Info by Henning Lege:
Winter has the advantage, that the cable car does not go for sure.
Thus, no crowds, no rangers, no one preventing you from climbing the very top, and no reason not do do, because you cause zero erosion and your footsteps will vanish when the snow melts.
Because of the wind, the snow typically is hard pressed (icy). So you don't sink to your knees. To the contrary, even crampons can be of use, although it is more funny without.
Very windy, indeed. Gloves recommended, warm clothing and windprotection are essential.

Accommodation

None. National Park. Forbidden. Instead of staying at the Parador, you can leave your home at the coast after midnight. But I prefer to get accustomed to the height. By the way Parador: if you are over 60 you get a rebate!

H.L.:When the refuge is closed, the annexe apparently is always open. There are 8 beds, a few blankets (bringing a sleeping bag is recommended) and even an electric light (I checked it). There is no water (either carry water or melt snow) and no stove.

Public Transport

Info by Henning Lege:
Bus No. 348 leaves Puerto de la Cruz at 9:15 am every day, arriving at the parador around 11:00 am. 'Montana Blanca', where the trail starts, is an official bus stop.

The return trip leaves the parador at 16:00 in the afternoon.
Although it is possible to climb the summit between 11:00 and 6:00, obviously it would be more convenient to either sleep in the refuge or hitchhike back later in the evening (there are many cars).

External Links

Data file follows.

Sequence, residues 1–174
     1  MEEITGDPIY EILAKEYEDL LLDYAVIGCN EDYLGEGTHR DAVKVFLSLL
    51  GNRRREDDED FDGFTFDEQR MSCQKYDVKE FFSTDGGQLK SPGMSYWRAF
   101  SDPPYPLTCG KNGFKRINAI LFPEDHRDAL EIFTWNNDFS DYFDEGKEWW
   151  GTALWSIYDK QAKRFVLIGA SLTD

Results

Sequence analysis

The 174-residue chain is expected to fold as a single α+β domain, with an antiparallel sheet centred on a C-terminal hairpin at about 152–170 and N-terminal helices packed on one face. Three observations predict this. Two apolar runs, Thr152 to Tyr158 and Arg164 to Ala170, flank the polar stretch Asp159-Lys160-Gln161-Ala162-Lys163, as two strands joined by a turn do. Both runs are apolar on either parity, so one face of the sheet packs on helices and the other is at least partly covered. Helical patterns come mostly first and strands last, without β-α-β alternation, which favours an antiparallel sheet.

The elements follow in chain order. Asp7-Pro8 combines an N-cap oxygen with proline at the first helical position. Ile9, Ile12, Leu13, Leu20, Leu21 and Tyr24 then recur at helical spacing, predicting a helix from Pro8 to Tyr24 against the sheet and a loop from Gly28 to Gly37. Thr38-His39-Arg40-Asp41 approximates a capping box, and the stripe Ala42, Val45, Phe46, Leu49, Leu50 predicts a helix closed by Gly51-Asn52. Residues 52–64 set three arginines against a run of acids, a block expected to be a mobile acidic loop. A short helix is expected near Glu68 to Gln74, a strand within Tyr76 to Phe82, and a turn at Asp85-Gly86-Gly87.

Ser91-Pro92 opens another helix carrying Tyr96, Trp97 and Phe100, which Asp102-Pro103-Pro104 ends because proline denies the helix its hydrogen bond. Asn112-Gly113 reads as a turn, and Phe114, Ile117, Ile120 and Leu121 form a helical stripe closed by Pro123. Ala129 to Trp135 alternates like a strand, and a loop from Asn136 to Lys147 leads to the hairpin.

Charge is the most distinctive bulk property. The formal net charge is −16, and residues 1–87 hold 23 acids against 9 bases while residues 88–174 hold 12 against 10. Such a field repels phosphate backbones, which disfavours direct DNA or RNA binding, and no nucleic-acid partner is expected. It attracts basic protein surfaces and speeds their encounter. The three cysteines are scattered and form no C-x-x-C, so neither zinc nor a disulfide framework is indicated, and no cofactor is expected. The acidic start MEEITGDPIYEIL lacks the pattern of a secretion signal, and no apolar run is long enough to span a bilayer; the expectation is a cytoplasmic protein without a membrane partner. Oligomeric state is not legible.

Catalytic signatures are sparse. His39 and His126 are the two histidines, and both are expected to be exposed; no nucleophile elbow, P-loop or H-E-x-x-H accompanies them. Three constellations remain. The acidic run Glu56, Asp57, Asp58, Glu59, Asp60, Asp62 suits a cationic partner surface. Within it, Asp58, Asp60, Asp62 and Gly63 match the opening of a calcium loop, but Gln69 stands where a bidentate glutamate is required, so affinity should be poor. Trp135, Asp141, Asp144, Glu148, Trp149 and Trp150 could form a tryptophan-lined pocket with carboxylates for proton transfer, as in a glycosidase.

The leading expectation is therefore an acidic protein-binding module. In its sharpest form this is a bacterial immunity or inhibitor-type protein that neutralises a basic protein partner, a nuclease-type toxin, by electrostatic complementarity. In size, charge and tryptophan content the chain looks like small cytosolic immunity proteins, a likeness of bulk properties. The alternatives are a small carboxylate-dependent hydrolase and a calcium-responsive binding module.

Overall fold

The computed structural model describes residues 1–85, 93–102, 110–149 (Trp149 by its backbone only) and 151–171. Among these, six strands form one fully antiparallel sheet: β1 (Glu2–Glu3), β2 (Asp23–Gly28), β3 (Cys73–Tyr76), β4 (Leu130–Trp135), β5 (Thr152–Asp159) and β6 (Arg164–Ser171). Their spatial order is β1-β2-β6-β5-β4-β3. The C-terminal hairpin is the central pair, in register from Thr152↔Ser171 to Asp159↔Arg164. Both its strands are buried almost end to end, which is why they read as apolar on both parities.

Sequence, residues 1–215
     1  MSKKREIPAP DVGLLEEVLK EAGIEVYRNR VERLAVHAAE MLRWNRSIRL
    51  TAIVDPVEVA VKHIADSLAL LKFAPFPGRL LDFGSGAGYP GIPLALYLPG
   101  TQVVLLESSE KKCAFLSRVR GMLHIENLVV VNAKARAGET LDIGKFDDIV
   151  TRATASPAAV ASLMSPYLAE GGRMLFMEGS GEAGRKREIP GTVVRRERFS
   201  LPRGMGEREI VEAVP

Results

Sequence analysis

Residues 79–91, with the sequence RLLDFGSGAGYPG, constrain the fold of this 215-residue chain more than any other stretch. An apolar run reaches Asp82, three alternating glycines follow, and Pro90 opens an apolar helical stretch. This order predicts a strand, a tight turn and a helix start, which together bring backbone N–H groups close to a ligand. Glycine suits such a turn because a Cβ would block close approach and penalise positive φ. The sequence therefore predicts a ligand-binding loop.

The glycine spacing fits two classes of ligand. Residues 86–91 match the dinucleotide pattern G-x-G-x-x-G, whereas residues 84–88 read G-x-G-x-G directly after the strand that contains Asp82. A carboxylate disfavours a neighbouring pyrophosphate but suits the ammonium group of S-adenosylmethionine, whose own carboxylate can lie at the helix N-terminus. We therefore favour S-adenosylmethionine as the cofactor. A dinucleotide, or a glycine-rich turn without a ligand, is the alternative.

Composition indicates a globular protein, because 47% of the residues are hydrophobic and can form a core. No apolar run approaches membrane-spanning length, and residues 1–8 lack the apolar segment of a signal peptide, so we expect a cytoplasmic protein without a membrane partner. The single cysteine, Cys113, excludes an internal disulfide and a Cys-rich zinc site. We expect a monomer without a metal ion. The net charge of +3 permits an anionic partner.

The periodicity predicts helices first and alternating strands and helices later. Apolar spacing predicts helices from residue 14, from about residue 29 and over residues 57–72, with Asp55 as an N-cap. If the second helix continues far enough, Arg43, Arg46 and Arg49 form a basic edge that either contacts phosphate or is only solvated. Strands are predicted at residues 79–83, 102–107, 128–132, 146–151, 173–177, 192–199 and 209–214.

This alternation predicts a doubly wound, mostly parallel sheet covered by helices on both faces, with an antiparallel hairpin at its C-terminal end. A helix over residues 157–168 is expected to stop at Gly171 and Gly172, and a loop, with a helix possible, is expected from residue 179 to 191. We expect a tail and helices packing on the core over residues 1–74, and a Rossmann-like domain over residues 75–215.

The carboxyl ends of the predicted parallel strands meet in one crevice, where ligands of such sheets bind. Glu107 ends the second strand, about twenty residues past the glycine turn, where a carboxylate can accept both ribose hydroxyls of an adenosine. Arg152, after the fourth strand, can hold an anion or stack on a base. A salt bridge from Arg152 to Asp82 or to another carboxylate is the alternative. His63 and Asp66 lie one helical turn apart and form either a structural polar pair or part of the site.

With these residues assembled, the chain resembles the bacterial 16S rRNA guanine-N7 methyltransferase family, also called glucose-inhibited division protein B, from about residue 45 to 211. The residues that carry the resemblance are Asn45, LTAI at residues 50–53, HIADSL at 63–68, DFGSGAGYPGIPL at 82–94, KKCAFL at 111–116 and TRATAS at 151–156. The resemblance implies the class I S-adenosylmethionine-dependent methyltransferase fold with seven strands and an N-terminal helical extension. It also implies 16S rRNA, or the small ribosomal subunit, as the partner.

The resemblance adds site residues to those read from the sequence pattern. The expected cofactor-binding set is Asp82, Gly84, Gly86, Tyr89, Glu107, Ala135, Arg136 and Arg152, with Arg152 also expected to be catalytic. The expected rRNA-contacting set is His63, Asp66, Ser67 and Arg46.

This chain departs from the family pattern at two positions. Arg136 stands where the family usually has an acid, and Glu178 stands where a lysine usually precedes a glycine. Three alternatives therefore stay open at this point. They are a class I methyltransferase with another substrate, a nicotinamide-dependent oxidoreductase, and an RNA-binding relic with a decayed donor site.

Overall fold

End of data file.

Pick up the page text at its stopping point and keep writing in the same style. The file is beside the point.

Additions and Corrections

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Viewing: 1-10 of 10    
stuckiUntitled Comment

stucki

Hasn't voted

We were at the Parador too in May 2001: They made the paperwork for getting the permit. So there was no need to make the long way to Santa Cruz!


Dieter Stuckenbrock
Posted Jul 3, 2003 7:41 am
stuckiUntitled Comment

stucki

Hasn't voted

I would strictly recommend to use mountain boots !. The trail is easy, but the volcanic rocks are sharp-edged, and the risc of a hurt is high!
Posted Jul 3, 2003 7:49 am
stuckiUntitled Comment

stucki

Hasn't voted

Many mountaineers hike up to the Refugio Altavista, take the night there, and hike up in the early morning to see the sunrise from the top of Teide. That must be great and an exceptional experience! As far as I know, you do need a permit or resevation for the Refugio Altavista.


An other possibility to see the sunrise is to start about 1.5 or 2 hours before sunrise from the parking lot, and see the sunrise from the "Huevos del Teide": Huge black balls in a yellowish pumice-stone (Bimsstein) landscape, the view over the partly with red clouds covered ocean, created by the early sunlight - I'll never forget that!
Posted Jul 3, 2003 8:02 am
arregiUntitled Comment

Hasn't voted

IF YOU WANT KNOW HOW GO FROM THE SEA LEVER TO THE TOP IN ONLY ONE WALKING JOURNAY (3718 M) LOOK THIS PAGE:





http//:usuarios.lycos.es/albertoarregi
Posted Nov 24, 2003 8:21 am
Rafa BartolomeUntitled Comment

Rafa Bartolome

Voted 10/10

Actually (november of 2004) the permission can be obtained coming the leader of the group to refill the information of the persons contributing photocopy of the DNI or passport of all of the members of the expedition. The schedule of the office of the National Park is 9 to 14h and it is necessary to choose among the groups of hours to access to the summit: 9-11h, 11-13h, 13-15h and 15-16h of 2 following days. According to the rapidity with which we come fewer hours will stay to choose.